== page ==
Skip to main content

The Moving Forward Mindset. . .

After the Battle of Hohenfriedburg by Carl Roechling.  Just about my favorite illustration of 18th century troops.  An argument in favor of oversized standards, colors, and guidons for our tabletop troops if ever there were one.

Sadly,  this particular weekend -- as feared since the school year kicked off for all three of us here in The Grand Duchy two weeks ago -- leaves little time for soldiering here after about three delightful months of, for yours truly at least, a reasonable degree of painting, modelling, and actual gaming.  As will, no doubt be very familiar to many of you coming out of summer holidays and vacation time, you still have to get the same amount of things done with 35-40+ fewer hours of formerly free time each week.  

For me, it's mowing the lawn when it dries out enough outside and prep for Monday's classes, plus all of the usual family stuff, which have left precious little time for myself over the last couple of days. Sigh.

Still, onward and upward, eh?  Lately, I've been thinking a lot about Austrian flags of the WAS-era.  Great stuff, and when I get around to painting more Minden Austrian infantry in 'white' (always a contentious subject), I plan to select three German regiments that had facing colors other than red and give 'em all the older, more varied flag patterns. 

I've got a set of Pete's Flags in a drawer somewhere and also scanned them into a pdf file when I purchased them a couple of years ago, since I prefer my flags on white printer paper, which is much easier to shape, furl, and over-paint (ala Jim Purky's method) once dry.  But all of that's still down the road apiece.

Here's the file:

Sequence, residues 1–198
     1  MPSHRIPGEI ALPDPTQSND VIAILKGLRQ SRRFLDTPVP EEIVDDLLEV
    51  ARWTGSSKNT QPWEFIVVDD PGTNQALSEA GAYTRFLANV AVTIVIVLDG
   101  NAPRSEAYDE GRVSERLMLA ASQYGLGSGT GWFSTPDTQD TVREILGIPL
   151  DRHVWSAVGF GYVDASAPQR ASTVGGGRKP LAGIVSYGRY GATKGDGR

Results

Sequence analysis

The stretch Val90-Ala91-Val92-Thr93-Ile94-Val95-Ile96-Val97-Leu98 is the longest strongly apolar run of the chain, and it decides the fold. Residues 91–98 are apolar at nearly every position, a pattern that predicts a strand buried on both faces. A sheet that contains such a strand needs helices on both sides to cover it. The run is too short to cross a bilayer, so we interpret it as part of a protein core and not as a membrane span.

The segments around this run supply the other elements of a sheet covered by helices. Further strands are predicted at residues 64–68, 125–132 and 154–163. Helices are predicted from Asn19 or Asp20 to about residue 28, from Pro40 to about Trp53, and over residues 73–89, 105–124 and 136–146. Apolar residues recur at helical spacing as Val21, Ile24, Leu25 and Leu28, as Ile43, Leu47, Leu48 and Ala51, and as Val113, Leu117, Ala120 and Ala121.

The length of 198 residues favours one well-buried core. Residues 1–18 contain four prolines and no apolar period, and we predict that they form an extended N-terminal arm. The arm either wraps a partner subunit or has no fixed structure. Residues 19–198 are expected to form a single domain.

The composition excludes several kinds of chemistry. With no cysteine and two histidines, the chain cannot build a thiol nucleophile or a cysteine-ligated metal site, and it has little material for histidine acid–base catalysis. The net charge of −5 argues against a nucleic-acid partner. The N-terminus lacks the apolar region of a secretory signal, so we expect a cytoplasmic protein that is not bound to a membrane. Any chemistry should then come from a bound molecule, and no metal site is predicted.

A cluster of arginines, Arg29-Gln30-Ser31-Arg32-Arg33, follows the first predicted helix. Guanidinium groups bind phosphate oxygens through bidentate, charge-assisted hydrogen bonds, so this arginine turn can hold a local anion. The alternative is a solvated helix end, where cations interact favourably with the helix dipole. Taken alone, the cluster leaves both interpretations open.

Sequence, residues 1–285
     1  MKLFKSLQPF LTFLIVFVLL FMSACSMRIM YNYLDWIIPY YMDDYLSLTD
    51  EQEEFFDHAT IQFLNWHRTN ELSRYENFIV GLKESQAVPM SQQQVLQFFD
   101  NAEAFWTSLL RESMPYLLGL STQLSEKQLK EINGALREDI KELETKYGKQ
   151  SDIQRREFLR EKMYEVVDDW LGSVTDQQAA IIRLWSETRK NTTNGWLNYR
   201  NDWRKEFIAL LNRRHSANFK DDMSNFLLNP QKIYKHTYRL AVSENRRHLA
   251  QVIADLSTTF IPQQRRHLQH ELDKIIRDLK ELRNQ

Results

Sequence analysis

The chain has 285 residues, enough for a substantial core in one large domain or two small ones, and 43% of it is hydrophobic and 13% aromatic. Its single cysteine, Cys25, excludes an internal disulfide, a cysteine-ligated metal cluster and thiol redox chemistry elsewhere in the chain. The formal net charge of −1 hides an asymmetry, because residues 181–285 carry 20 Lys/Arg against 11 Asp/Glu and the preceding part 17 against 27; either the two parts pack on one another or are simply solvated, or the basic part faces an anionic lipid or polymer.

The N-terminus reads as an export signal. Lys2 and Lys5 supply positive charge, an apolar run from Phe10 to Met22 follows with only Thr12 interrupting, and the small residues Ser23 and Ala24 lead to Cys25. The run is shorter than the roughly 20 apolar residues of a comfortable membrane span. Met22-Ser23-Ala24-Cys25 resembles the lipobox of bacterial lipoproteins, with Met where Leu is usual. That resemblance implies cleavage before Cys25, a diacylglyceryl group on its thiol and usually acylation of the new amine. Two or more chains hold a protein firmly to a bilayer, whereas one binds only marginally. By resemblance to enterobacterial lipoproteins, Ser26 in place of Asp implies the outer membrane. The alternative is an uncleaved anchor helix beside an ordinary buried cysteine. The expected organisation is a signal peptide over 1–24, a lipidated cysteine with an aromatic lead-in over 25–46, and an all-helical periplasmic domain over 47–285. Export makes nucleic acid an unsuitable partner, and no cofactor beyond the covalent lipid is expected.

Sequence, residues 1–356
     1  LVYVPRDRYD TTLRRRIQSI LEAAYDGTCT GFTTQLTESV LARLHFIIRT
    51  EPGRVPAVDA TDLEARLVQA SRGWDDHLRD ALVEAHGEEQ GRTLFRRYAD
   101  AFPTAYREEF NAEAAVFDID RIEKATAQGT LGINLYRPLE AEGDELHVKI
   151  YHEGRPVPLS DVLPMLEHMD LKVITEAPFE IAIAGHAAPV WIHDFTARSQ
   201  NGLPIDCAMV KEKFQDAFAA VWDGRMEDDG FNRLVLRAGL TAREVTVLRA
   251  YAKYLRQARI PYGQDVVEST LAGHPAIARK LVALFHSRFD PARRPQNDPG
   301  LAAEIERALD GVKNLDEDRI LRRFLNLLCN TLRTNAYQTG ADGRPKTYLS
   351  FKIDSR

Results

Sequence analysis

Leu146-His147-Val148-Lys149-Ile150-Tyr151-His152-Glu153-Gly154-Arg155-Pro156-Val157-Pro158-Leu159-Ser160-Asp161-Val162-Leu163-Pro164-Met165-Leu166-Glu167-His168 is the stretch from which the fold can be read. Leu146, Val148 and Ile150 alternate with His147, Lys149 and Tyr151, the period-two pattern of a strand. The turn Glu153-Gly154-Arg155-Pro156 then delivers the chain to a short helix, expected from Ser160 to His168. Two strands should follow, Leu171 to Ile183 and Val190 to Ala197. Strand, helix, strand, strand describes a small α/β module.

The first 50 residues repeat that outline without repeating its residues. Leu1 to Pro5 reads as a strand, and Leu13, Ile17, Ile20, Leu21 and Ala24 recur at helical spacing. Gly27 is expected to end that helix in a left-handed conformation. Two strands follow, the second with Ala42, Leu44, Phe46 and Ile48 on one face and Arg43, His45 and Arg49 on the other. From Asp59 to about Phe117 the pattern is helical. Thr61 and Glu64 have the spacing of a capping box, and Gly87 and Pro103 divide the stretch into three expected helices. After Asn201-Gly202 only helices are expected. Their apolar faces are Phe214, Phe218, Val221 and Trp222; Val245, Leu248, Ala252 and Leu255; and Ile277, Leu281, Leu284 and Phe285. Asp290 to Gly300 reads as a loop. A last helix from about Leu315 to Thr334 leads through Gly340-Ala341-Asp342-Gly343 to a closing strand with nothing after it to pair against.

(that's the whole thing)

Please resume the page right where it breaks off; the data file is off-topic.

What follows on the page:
If I manage to find any spare time today (Sunday), I've got a new squadron of the Minden Bosniaken to sort out and move in the direction of painting preparations.  One more squadron of those RSM95 French cuirassiers in bearskins to finish glossing too.   

It's all well and good to read and daydream about what one might do next, and that is an enjoyable and even vital part of our hobby, but it doesn't get the figures painted, glossed, and on the table any sooner.  Gotta keep the ongoing Grand Duchy of Stollen project on the rails and moving forward this school year with actual production even if that is slowed and more limited somewhat by the usual onslaught of daily Life.

Speaking of which, it's almost 10am here now, and I am off to make Sunday breakfast for The Grand Duchess and The Young Master.

-- Stokes


warpaintjj said…
Same story here Stokes,

my wife & three daughters all go back to school or university any day too.
I hold out the usual hope of an Indian Summer here, I am usually rewarded.
Gaming & painting will pick up I think in my case.

Very best wishes,


PS lovely illustration!
Der Alte Fritz said… other words what your saying is that Wargaming is your hobby. It relaxes you, gives you things to do that can keep you busy at times, and it brings you lots of enjoyment. Sounds good to me. 😎
I have always made my flags overscale, unless they are large flags anyway. The British Napoleonic and ACW Union flags being roughly 6 foot square needn't be enlarged at all in scale, but I find that the 4foot square and even smaller flags of the Confederacy really do gain presence by expansion.